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Who am I?

You can look at my home page for more information, but the short answer is that I'm a dilettante who likes thinking about a variety of subjects. I like to think of myself as a systems-level thinker, more concerned with the big picture than with the details. Current interests include politics, community formation, and social interface design. Plus books, of course.

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Fri, 28 Jan 2005

In Search of Stupidity, by Merrill R. Chapman
I picked this book up after reading the interesting foreword that Joel Spolsky wrote for it. Chapman's insight was that several of the companies lauded for having a great corporate culture in the famous business book In Search of Excellence had fallen off the face of the planet within a few years. From his own experience, he concluded that there was no singular "culture of excellence". Companies that survived were simply companies that avoided making hideously stupid blunders. A simple prescription, you'd think. Alas, no.

Chapman describes, as the subtitle declares, "Over 20 years of high-tech marketing disasters". He witnessed several of them from the inside as a marketing executive. Stupid cases like releasing two different products with the same name so that your customers had no idea which one to buy (Micropro had Wordstar and Wordstar 2000 competing against each other). Or the IBM PS/2 fiasco. Or Ed Esber, the CEO of Ashton-Tate, who enraged his customers (by threatening to sue them, calling them "parasites" and daring them to "Make my day!") to the point where one developer told Chapman (a product manager for Ashton-Tate at the time) "Ed Esber is a diseased amoeboid life form with the intelligence of a sick protozoa."

Lots of fun stories like that in this book. Chapman lived through several of these disasters, so he's got lots of good details sprinkled throughout. He's also got an engaging story-telling voice, which makes the book just zip along. I can't say that I learned that much from the book, but it was a quick read, and an enjoyable stroll through the last twenty years of techno-history (I had lots of "Oh, yeah, I remember that!" moments as they described various products).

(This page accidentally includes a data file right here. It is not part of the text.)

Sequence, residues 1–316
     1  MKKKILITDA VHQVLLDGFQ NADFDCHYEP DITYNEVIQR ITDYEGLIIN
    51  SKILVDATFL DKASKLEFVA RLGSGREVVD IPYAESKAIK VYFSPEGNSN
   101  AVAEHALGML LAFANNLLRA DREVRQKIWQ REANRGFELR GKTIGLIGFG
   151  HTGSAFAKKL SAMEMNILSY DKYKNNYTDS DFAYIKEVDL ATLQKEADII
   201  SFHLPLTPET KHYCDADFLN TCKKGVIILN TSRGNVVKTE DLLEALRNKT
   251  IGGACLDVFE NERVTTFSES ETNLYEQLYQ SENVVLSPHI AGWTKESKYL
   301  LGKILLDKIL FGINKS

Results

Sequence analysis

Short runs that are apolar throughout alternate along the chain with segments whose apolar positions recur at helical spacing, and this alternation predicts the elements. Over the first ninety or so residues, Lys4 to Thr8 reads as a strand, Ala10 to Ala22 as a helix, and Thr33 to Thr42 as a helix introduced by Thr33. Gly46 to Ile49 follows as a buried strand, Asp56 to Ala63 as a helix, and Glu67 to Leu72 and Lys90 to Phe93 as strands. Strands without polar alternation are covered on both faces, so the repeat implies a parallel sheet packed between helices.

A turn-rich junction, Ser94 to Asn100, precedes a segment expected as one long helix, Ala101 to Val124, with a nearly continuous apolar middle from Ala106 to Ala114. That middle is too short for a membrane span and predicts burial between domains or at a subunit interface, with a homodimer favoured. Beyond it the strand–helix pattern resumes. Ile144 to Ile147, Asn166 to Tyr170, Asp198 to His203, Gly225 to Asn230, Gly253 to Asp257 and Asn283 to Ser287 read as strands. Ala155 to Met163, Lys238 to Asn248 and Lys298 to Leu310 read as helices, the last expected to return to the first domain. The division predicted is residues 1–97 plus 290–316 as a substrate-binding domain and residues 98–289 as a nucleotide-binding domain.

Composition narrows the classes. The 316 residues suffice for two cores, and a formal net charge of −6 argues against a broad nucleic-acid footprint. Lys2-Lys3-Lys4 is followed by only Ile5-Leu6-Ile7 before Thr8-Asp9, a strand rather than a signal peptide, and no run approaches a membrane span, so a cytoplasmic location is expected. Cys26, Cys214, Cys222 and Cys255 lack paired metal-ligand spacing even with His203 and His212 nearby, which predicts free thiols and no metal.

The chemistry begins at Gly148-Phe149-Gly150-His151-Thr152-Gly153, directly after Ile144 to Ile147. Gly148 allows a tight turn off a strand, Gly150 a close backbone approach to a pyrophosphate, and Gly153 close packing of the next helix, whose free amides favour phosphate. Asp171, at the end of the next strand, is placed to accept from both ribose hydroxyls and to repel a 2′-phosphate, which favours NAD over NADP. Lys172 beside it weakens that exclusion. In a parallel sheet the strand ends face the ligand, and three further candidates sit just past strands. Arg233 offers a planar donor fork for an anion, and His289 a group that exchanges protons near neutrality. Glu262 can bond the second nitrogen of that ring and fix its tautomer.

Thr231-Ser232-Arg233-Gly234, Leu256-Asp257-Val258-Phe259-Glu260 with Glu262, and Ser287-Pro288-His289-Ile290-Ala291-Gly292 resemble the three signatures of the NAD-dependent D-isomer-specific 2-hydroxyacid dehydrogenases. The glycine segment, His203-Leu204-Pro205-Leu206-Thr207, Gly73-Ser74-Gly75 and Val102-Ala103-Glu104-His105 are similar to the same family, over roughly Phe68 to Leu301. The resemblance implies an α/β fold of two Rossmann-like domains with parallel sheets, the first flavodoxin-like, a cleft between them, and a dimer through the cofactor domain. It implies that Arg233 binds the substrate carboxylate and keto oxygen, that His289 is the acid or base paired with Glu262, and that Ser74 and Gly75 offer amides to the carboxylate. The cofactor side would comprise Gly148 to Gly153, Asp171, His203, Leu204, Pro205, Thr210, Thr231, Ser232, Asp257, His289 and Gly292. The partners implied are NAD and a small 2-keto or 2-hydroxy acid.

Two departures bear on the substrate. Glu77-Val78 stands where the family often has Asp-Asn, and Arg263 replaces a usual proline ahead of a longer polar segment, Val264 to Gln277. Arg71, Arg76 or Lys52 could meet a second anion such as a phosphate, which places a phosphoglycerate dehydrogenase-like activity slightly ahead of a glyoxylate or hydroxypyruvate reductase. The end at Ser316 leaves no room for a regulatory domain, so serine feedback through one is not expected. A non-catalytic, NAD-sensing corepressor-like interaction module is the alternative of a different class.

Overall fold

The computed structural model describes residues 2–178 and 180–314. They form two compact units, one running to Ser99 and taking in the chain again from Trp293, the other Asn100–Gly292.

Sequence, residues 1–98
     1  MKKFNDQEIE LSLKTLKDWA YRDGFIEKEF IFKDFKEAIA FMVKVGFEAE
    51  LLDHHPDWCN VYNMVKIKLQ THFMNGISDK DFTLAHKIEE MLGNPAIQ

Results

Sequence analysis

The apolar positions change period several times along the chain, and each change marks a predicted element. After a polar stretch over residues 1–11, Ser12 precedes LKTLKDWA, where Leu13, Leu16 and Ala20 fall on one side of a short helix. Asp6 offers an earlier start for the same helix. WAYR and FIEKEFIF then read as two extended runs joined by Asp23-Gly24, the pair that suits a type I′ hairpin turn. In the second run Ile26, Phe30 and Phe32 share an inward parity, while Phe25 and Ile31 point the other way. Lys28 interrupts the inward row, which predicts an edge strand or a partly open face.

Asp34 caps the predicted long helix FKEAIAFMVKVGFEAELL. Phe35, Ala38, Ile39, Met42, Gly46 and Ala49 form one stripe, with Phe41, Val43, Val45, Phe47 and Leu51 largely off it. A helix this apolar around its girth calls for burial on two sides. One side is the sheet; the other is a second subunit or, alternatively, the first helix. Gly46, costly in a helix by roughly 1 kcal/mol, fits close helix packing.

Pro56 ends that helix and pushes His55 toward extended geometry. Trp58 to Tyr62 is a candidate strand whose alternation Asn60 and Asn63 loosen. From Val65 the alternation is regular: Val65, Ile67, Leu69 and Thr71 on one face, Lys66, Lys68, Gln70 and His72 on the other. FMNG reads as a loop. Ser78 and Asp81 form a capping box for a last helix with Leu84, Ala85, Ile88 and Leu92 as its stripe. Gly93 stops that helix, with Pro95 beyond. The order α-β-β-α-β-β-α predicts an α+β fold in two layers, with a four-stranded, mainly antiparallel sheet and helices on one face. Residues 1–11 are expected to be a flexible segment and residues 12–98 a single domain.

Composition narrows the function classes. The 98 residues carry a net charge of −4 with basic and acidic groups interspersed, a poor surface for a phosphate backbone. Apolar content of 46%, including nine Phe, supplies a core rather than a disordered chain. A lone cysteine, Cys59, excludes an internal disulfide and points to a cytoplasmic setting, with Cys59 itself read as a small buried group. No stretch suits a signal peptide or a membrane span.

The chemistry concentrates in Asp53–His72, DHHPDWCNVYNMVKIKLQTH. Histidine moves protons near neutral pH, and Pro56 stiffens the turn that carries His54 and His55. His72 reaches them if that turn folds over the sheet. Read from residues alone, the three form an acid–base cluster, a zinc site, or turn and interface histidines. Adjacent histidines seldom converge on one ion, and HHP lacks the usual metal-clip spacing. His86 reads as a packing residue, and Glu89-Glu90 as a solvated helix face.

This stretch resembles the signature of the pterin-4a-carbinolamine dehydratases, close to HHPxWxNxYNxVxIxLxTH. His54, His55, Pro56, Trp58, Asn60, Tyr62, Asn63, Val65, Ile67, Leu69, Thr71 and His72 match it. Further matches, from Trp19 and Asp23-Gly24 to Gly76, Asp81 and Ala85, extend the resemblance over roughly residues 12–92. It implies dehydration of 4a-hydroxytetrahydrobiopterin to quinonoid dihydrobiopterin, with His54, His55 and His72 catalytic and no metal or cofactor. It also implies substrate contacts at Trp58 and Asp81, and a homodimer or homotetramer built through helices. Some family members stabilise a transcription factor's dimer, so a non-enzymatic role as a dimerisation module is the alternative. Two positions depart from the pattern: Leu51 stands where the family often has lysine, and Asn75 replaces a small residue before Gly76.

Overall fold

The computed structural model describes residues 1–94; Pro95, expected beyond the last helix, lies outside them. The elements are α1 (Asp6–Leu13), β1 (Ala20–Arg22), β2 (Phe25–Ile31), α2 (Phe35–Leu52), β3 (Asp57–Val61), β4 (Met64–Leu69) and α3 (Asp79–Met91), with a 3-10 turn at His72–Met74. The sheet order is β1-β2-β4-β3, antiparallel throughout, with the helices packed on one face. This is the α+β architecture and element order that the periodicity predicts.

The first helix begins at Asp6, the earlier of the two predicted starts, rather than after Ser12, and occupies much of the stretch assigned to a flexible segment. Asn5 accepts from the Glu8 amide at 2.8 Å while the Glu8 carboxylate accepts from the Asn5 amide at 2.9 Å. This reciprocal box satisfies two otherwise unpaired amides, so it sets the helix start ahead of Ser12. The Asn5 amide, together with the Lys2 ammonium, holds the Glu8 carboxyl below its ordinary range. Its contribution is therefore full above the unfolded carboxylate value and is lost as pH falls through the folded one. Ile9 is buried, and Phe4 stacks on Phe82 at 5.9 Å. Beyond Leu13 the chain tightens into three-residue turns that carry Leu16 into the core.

P.S. In case any of my readers are curious about my increased rate of book consumption, it's because the holidays are over, which means there's lots of traffic on the Bay Bridge, which frustrated me to the point where I started taking BART regularly again (2-3 times a week for the past three weeks). An hour and a half of enforced reading time each day means I can keep up with the Economist, and finish four books in the last few weeks. Crazy stuff. I'm actually through my last Amazon order, and considering ordering more. Yay!

posted at: 00:32 by Eric Nehrlich | path: /books/nonfiction/management | permanent link to this entry | Comment on livejournal

Global Brain, by Howard Bloom
This book was recommended to me by Dav after he read my post on social networks and rejection. So I tossed it in my Amazon shopping cart, but didn't end up ordering from Amazon until December, and didn't read it until last week.

Howard Bloom takes on the entire sweep of history (it's subtitled "The Evolution of Mass Mind from the Big Bang to the 21st Century") in an attempt to tie together such disparate phenomena as quarks, genes, ants, and cultures into one overarching framework of an interconnected global brain. While I admire his chutzpah, I can't say that he entirely succeeds at making a convincing case for how these phenomena inter-relate. However, it is still a fascinating book, because he mentions many interesting phenomena and results in passing. If I were motivated, I would go track down several of the papers that he refers to (he's got a DFW-esque 65 pages of endnotes for a 223 page book, except that unlike DFW, his endnotes are mostly citations rather than commentary).

The concept that most resonated with me in this book was his observation of five essential elements that contribute to a "collective learning machine" (pp. 42-43):